Still Life with Plums is a vibrant collection of short stories that weaves together the outwardly distant lives of several strangers. With heaping doses of dark humor and magical realism, these ten stories enliven a cast of characters scattered throughout the southern portion of the United States. From West Virginians, to Texans and Latinos, Still Life with Plums mines the lives of a Black-Irish West Virginian, a wise-cracking dog groomer, a guilt-ridden ambulance driver, a Guatemalan widow, a Japanese-Latin-American poster child for WWII reconciliation, and a meticulous predator. Marie Manilla’s accessible prose is powerful and richly layered as she births a quirky ensemble that unflinchingly probes the human psyche.
Tess, a West Virginian in New York City, finds herself among seedy brothels facing life as a prostitute. A number of trials test her in every way, leading to both understanding and misunderstanding among her friends and her family. Tess tells these stories of pain, joy, depression, loneliness, and endurance in her journal, and they will shock some readers and charm others. With the shadow of the Appalachians calling her back home, she desperately struggles to claim her individuality in a world of debauchery without the painful remnants of her past and fear of a fragmented future overwhelming her.
A Mingo County Chronicle
In old England, if a king didn’t like you, he would cut off your head. Now, if they don’t like you, they’ll cut off your project!
As the Johnson Administration initiated its war on poverty in the 1960s, the Mingo County Economic Opportunity Commission project was established in southern West Virginia. Huey Perry, a young, local history teacher was named the director of this program and soon he began to promote self-sufficiency among low-income and vulnerable populations. As the poor of Mingo County worked together to improve conditions, the local political infrastructure felt threatened by a shift in power. Bloody Mingo County, known for its violent labor movements, corrupt government, and the infamous Hatfield-McCoy rivalry, met Perry’s revolution with opposition and resistance.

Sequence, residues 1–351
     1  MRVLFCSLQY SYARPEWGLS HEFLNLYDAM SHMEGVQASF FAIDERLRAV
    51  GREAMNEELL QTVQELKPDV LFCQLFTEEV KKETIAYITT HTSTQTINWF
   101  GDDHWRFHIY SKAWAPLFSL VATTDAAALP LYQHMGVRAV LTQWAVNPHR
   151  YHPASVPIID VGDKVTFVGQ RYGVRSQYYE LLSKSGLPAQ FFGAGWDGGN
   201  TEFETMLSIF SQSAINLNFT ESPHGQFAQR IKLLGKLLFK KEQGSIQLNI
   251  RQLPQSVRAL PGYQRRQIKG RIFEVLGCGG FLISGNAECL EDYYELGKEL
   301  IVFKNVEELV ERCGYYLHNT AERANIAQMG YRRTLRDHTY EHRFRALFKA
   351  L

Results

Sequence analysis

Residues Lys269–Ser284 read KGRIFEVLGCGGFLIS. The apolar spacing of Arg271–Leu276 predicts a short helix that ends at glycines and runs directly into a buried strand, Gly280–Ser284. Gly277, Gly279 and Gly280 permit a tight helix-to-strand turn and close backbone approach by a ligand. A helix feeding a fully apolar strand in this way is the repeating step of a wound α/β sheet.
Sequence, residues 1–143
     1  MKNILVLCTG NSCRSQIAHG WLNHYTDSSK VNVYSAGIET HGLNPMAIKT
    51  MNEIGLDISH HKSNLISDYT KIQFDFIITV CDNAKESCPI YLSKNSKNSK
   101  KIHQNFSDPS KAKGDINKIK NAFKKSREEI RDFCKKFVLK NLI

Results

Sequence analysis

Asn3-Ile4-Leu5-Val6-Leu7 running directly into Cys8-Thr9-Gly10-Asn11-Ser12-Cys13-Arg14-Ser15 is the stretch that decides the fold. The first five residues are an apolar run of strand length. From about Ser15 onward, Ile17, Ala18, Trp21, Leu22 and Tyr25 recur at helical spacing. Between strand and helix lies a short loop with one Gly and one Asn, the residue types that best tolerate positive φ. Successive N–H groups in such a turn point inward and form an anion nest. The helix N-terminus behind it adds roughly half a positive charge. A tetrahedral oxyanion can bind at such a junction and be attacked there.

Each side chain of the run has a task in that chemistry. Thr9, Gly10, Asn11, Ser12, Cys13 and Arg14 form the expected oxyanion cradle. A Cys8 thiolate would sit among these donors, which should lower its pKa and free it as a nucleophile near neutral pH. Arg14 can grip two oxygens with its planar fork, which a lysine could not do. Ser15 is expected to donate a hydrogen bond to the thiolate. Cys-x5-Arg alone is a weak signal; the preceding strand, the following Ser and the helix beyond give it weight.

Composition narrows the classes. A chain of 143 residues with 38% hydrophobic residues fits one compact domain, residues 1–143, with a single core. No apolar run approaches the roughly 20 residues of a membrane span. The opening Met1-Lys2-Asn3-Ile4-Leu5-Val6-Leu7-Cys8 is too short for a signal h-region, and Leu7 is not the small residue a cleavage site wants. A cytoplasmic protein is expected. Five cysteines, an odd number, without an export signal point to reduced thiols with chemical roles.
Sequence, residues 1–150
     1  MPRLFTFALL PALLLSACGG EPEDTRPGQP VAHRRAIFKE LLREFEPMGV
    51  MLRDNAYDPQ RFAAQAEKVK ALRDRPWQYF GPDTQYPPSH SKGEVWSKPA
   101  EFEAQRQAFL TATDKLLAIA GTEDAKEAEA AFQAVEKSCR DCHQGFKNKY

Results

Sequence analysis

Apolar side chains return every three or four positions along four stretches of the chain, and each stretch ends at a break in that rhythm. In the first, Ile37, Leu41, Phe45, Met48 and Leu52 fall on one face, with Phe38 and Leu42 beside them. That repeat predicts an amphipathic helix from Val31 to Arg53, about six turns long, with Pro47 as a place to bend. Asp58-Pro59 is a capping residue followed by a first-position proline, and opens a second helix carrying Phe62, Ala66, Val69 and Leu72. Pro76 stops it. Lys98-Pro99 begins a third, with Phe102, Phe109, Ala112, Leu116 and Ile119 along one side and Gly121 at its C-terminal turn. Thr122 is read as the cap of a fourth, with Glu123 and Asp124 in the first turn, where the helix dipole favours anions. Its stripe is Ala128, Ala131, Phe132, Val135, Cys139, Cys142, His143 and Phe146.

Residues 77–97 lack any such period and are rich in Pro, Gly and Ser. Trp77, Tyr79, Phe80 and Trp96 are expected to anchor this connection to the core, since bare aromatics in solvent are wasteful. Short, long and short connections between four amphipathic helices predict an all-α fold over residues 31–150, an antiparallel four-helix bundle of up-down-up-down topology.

In They’ll Cut Off Your Project, Huey Perry reveals his efforts to help the poor of an Appalachian community challenge a local regime. He describes this community’s attempts to improve school programs and conditions, establish cooperative grocery stores to bypass inflated prices, and expose electoral fraud. Along the way, Perry unfolds the local authority’s hostile backlash to such change and the extreme measures that led to an eventual investigation by the FBI. They’ll Cut Off Your Project chronicles the triumphs and failures of the war on poverty, illustrating why and how a local government that purports to work for the public’s welfare cuts off a project for social reform.